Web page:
Traditionally, people have had great respect for genetics. Traits run in families, and every culture has had its class system of assortive mating that segregated the nobility from the other classes down the line to peasants. The modern world is unusual in its insistence on equality and democracy, which arose when the old nobility system had so absurdly overreached its original justification (if indeed there was any) and put such mediocre people at the head of affairs that the whole thing naturally collapsed. Now we value diversity and, to put it in genetic terms, hybrid vigor over pure blood lines. Echos still resound at the Westminster Kennel club, but for humans, purity seems out.
As recently as in the novels of Marcel Proust, the importance of lineage is paramount, as endless pages go by of the narrator besotting himself over the faded charms of count this, baron that, or princesse whatever. The class system has had a long, lingering death in Europe. Here in the US, we are re-inventing class relations on a business model, which is a thinly veiled feudalism with lords of the manor in suits, whose most successful exemplars shine forth in all their condescension in the foundational funding announcements on NPR, not to mention running the political system by buying all that "free" speech.
But at least they don't (to my knowledge) have harems of women to flood the next generation with. Bill Gates has not (yet) devised a way to clone himself into shrink-wrapped copies with which to win the genetic race for the future.
But the rulers of old certainly did. I have been reading the Shahnameh, which is the lengthy epic of Persia, recounting the reigns of its Kings from the mythical to the Muslim conquest. The themes of linage are a constant refrain, telling how handsome, strong, wise, and just each prince and king in turn is. How beautiful and modest the women in his harem. One infant is even sent down the Tigris in a box and raised by humble peasants, only, Harry Potter-like, to instinctively take up fighting, horse riding, and other knightly pursuits in defiance of his guardian and in clear sign of his royal lineage.
It really is one of our oldest and most perennial themes- the Cindarella or foundling-prince in the rough, not only recognized eventually by merit, but documented to have royal blood all along. But obviously, the actual differences are typically vanishingly small, when education and culture are accounted for. But we focus and thrive on minor differences, defining (and "othering") tribal groups in arbitrary ways, and judging each other with the greatest subtlety in the race for status and mates. The fiercest battles are typically of brother against brother; French and German, Russian and Ukrainian, Jewish and Arab, and so on.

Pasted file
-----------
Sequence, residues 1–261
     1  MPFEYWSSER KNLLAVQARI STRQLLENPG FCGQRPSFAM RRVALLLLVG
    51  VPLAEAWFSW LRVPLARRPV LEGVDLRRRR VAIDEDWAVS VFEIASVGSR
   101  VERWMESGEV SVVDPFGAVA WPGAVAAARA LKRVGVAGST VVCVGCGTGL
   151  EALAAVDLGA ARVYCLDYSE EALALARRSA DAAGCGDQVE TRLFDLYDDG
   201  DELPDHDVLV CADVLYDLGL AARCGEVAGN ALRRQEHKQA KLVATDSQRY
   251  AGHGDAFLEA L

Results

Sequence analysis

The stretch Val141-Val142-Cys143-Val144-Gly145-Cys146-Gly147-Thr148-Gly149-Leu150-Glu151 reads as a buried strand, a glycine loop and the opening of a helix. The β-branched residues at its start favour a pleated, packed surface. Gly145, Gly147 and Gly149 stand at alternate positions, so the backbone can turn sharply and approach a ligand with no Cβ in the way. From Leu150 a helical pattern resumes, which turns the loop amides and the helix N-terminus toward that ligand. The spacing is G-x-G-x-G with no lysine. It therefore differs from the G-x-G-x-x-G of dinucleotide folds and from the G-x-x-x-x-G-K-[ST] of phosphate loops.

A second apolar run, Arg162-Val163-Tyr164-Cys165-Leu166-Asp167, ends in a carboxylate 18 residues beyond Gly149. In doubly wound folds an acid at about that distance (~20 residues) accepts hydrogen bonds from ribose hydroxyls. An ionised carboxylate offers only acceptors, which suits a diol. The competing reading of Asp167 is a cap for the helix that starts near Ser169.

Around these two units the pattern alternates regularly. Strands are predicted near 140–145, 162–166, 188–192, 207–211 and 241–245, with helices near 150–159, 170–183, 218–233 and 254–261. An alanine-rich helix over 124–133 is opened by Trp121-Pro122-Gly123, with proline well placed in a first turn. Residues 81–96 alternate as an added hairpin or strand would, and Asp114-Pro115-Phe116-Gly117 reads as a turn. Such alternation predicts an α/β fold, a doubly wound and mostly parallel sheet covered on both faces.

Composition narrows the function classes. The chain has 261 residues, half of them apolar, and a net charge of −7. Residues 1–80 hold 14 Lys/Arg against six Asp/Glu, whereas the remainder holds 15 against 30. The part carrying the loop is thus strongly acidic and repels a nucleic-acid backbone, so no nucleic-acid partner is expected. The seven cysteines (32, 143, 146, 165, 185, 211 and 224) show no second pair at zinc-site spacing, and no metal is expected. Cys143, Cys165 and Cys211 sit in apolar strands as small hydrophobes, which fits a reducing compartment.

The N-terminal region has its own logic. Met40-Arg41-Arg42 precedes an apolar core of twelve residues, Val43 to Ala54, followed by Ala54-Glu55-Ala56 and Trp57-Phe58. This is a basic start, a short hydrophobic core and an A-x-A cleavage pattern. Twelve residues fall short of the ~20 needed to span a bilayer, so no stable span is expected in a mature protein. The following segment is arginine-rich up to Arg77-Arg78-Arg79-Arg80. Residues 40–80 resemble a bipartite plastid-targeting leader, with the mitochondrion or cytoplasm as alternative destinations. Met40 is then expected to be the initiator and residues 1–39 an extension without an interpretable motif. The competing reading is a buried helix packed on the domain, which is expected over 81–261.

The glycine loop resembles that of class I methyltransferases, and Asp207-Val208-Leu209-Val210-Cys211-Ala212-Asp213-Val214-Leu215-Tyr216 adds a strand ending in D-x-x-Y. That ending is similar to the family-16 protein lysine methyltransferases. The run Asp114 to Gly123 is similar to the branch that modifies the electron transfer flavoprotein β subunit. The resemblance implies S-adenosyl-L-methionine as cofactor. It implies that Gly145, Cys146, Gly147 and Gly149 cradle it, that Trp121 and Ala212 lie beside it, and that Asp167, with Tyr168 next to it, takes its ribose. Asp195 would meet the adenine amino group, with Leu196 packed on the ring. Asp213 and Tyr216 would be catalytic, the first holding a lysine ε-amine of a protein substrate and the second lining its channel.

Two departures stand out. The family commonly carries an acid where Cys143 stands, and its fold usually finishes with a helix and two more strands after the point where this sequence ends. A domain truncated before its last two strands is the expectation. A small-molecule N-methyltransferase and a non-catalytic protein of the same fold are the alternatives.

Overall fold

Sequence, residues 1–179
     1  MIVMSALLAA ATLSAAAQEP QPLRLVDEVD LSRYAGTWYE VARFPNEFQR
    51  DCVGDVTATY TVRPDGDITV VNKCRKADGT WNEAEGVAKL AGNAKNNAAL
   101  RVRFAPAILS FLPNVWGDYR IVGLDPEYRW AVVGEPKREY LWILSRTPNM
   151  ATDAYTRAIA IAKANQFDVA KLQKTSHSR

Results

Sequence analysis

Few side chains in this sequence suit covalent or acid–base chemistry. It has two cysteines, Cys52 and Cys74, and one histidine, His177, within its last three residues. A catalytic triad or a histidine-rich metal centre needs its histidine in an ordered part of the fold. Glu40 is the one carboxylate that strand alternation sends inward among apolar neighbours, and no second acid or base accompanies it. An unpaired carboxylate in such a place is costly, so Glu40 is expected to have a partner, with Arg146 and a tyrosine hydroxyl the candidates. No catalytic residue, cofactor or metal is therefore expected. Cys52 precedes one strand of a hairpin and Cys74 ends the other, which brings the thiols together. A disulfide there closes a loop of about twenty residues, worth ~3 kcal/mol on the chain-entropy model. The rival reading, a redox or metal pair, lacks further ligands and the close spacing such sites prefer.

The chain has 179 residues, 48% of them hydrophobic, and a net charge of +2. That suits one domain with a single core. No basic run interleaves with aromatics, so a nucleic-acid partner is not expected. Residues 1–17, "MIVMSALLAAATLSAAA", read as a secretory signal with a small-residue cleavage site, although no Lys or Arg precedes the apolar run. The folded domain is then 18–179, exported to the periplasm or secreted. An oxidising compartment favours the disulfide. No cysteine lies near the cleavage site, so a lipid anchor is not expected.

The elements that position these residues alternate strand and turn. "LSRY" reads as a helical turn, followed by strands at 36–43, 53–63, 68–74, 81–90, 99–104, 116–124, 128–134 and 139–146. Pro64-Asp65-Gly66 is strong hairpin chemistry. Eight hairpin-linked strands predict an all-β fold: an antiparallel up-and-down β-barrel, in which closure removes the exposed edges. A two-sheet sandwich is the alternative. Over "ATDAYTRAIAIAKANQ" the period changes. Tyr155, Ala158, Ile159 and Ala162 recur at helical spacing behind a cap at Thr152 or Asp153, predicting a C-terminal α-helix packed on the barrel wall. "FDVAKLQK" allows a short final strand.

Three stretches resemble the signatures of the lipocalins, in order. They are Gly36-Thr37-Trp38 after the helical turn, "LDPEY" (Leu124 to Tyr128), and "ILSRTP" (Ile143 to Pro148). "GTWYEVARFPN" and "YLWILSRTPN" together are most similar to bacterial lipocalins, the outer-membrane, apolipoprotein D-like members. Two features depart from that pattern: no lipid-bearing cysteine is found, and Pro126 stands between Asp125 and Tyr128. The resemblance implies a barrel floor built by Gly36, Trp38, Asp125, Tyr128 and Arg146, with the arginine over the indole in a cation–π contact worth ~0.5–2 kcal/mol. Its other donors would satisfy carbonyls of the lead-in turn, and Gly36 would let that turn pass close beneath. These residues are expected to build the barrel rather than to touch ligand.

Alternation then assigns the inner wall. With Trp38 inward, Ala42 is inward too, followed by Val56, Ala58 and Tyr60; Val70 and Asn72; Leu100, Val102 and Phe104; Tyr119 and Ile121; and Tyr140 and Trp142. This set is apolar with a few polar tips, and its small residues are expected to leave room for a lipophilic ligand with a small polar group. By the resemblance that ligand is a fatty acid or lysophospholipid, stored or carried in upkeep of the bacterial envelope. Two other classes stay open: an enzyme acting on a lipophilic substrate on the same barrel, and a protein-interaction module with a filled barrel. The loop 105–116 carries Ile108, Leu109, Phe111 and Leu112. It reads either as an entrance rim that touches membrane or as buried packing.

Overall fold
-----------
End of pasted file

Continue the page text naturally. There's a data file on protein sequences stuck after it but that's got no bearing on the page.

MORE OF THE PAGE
What did all this harem-keeping and status seeking accomplish, anyhow? Well, beauty was one object, duly attained, I think. Each nationality has its distinctive look of nobility, from Japan to England. But in terms of temperament, I think much less was accomplished, indeed negative results were attained. The most successful leaders were typically mad with ambition, so we have ended up with a lot of Shakesperean plots and palace intrigue at the head of affairs. No wonder the good king was such a rare and precious find! Power may corrupt, but assortive mating can corrupt as well, when the standards for selection are so contrary to what societies most need. And when taken to extremes of inbreeding, as in Egypt and Europe, the results have been disastrous on any level one cares to consider.
Thus the madness for lineage accomplished far more in terms of public relations than it ever did in genetics. The PR value of the Shahnameh was inestimable, training generations of Iranians in the celebrity culture of their day and thus stabilizing the feudal hierarchy / patriarchy. While the overall competition for status and success has probably been an engine for beneficial genetic selection, its manifestation at the very top of the hierarchy is another story entirely.
- On Ashkenazi genetics.
- Those damn Anglo-Saxons.
- ... became the arch capitalists of modernity.
- What you inherit is luck anyhow.
- Religion- an ongoing problem. Just because something gives you meaning doesn't mean that it is right.
- A lot of uncomfortable dancing around texts of terror, and not facing up to them at all.
- Integrated fiscal / monetary policy just makes sense.
- What does education do to you?
- No austerity over there ... China to be the new world hub.
- Then I dreamed about god.
- Only in banking ... bonus handed out for criminal activity, prompts use of "transparent" tax havens.
- Inequality due to cronyism and rent collection, not from education, productivity, or justice. " ... all the big gains are going to a tiny group of individuals holding strategic positions in corporate suites or astride the crossroads of finance."
- Bob Cringely on the jobs shortage and the STEM non-shortage. But he doesn't wade into macroeconomics. "Same for the banking and mortgage crisis of 2008 where the bankers took more and more until the host they were sucking dry — the American homeowner — could no longer both pay and survive. Tony Soprano was smarter than the bankers."
- Things just keep getting worse for active stock pickers and personal wealth parasites.
- Staying at optimal growth and prosperity is hard.